MCT oil is best used for salad dressings and sauces, broths or soups, or as a topper for your bulletproof coffee. 

On the other hand, MCT powder has a creamy texture when blended, making it a better option for smoothies and protein shakes, as a creamer for tea and coffee, and as a topper for yogurt bowls and no-bake snacks. 

Both MCT oil and MCT powder are not compatible with high-temperature cooking. 

What Are the Health Benefits of MCTs?

MCTs have numerous health benefits. MCTs are readily converted into ketones by the liver, promoting a state of ketosis, a phase where the body uses fats as an energy source.4 

MCTs are lower in calories than other fat sources, making them a better option for tracking keto macros. A meta-analysis study reveals that MCTs are better for weight loss and overall body composition management5 than long-chained triglycerides.

MCTs also improve blood sugar levels and insulin sensitivity,6 boost heart health,7 prevent post-workout muscle soreness,8 and reduce inflammation.9

How to Pick the Best MCT Supplement

MCT Oil vs. Powder

When choosing the best MCT supplement, here are the factors you need to consider:

1. MCT Composition

Do your research and determine the composition of the supplement’s medium-chain triglycerides. Some prefer high-C8 or high-C10 formulations for specific benefits, while others opt for a combination for a broader range of effects.

2. Source of MCTs

Consider the source of MCTs. Coconut oil is commonly preferred due to its higher MCT content and purity.

3. Additional Ingredients

Choose supplements with minimal additives, fillers, or preservatives. Transparent labeling is crucial for understanding the purity and quality of the MCT supplement. Choose ones with natural fiber carriers rather than ones with high-carb carriers like corn and maltodextrin. 

4. Processing Methods

Opt for supplements that use high-quality extraction methods. Processes such as cold-pressing help retain the integrity of MCTs, ensuring a more potent and effective supplement.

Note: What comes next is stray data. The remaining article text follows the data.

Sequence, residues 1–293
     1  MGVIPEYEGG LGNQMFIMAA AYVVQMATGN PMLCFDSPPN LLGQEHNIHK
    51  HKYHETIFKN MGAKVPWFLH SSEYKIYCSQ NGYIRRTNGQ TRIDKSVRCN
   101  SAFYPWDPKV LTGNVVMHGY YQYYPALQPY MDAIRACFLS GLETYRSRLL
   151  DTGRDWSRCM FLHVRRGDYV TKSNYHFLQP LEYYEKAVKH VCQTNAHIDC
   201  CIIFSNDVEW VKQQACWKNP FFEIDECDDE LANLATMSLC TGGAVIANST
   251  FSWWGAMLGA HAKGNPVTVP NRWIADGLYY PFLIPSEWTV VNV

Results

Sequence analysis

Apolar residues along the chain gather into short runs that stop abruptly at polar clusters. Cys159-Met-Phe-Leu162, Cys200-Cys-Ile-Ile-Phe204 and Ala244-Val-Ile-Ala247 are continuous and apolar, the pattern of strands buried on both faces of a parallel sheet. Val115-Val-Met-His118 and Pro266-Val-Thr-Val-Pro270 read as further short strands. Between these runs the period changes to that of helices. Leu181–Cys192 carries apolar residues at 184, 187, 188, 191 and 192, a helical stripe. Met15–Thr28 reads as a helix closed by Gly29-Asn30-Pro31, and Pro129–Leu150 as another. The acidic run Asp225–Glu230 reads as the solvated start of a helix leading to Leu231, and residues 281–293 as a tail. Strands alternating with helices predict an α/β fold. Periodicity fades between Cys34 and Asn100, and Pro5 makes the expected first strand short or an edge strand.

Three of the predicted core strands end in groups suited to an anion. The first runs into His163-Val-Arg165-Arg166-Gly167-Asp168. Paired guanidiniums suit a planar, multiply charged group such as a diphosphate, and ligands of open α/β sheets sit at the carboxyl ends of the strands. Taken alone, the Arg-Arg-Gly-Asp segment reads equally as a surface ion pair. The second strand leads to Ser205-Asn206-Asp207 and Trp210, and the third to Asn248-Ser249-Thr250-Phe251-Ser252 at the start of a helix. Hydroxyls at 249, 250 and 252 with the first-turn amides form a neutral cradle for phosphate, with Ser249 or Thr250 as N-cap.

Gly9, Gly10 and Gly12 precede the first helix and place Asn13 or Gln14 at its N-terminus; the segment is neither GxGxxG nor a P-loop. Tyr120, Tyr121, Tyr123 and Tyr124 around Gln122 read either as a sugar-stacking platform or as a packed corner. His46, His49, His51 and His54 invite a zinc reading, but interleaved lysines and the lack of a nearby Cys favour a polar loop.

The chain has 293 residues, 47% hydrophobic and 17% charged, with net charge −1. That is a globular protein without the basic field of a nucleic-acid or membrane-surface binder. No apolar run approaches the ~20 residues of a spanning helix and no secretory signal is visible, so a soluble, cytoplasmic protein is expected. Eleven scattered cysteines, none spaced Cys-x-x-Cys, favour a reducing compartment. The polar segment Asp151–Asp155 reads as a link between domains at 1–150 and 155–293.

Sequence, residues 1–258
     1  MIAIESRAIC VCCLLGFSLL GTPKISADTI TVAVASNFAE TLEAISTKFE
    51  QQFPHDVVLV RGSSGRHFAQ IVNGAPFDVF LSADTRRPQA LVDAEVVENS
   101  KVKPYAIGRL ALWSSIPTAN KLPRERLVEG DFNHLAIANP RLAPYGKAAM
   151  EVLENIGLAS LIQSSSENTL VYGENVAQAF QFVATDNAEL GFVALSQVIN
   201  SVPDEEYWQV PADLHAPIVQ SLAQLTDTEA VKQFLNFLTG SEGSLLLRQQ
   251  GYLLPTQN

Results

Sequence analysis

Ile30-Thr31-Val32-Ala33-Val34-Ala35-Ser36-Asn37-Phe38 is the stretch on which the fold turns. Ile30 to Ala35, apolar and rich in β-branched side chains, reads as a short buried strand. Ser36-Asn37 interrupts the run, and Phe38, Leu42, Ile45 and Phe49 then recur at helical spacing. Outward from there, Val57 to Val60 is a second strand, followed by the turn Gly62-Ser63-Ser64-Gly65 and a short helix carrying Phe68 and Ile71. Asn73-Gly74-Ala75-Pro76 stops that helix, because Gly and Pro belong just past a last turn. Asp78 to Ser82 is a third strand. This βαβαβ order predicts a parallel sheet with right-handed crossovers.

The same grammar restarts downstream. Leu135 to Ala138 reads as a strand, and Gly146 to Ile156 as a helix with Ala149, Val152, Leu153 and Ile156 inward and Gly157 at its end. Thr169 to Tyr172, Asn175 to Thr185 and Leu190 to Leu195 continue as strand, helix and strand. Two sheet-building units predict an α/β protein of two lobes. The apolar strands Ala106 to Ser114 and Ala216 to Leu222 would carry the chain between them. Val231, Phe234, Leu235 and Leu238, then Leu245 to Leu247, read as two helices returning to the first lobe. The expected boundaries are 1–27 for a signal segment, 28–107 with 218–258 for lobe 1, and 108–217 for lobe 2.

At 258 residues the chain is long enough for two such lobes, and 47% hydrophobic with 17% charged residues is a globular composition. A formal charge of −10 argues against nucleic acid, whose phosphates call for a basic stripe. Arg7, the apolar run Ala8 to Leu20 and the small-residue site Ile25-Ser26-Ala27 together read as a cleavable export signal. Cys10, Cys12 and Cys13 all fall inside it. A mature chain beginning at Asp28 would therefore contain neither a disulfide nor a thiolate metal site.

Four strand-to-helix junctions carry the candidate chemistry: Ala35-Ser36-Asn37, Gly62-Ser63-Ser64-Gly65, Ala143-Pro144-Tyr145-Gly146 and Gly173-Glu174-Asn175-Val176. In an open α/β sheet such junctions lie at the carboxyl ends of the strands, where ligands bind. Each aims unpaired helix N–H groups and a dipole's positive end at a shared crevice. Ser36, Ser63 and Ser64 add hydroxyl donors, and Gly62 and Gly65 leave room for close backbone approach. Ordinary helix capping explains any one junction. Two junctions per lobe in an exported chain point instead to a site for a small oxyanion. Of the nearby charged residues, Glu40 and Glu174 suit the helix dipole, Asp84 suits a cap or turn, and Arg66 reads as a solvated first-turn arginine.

5. Allergens and Sensitivities

Individuals with allergies or sensitivities should check the product label for allergen information. Some may need to avoid MCT supplements derived from specific sources.

6. Brand Reputation

Choose supplements from reputable brands with a history of producing high-quality products. Reading customer reviews and seeking recommendations can provide insights into a brand’s reputation.

7. Testing and Certification

Look for supplements that undergo third-party testing for quality and purity. Certifications from organizations like NSF, USP, or Informed Choice add an extra layer of assurance regarding the supplement’s integrity.

8. Personal Goals and Preference

Consider your goals, lifestyle, and preferences. You may opt for MCT oil or MCT powder depending on your planned usage. It’s all up to you. 

9. Cost

MCT oil is often more affordable than MCT powder. Thoroughly research reputable brands and find one that suits your budget. This ensures adherence to a more sustained lifestyle change. 

How to Use MCT Powder

Start with Small Amounts

Begin with a small amount, especially if new to MCTs, to allow the body to acclimate. Starting with a teaspoon and gradually increasing the dosage helps minimize the risk of digestive discomfort. 

Mixing with Beverages

Add a tablespoon of MCT powder to hot beverages like coffee or tea. The powder form ensures easy blending without a frother, creating a creamy texture. 

Smoothies and Shakes

Add 1-2 tablespoons of MCT powder to your blender before adding the ice and fruits. This ensures the powder gets blended well into a creamy texture. Add 1-2 tablespoons of MCT powder to your shaker and mix for pre-workout shakes and drinks.

Baking and Cooking

MCT powder is versatile. You can add it to your favorite low-carb baked or no-bake goods. You can add it as a thickener to soups and stews for cooking. Just ensure not to use it for frying or anything with high heat. 

Yogurt or Oatmeal Toppings

Add 1 tablespoon of MCT powder to your oatmeal (not recommended on keto), greek yogurt, or keto pudding to add texture and creaminess.

Monitoring Tolerance